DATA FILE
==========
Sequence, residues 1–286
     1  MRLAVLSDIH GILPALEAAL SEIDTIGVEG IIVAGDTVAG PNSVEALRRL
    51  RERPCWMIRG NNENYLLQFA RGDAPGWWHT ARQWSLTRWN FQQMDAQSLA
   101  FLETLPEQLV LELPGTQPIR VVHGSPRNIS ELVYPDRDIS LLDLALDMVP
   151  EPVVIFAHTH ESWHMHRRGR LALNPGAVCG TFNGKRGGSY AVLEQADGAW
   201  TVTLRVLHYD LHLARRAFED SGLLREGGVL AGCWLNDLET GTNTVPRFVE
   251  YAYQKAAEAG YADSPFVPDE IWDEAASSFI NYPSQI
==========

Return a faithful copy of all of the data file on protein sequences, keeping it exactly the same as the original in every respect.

Sequence, residues 1–286
     1  MRLAVLSDIH GILPALEAAL SEIDTIGVEG IIVAGDTVAG PNSVEALRRL
    51  RERPCWMIRG NNENYLLQFA RGDAPGWWHT ARQWSLTRWN FQQMDAQSLA
   101  FLETLPEQLV LELPGTQPIR VVHGSPRNIS ELVYPDRDIS LLDLALDMVP
   151  EPVVIFAHTH ESWHMHRRGR LALNPGAVCG TFNGKRGGSY AVLEQADGAW
   201  TVTLRVLHYD LHLARRAFED SGLLREGGVL AGCWLNDLET GTNTVPRFVE
   251  YAYQKAAEAG YADSPFVPDE IWDEAASSFI NYPSQI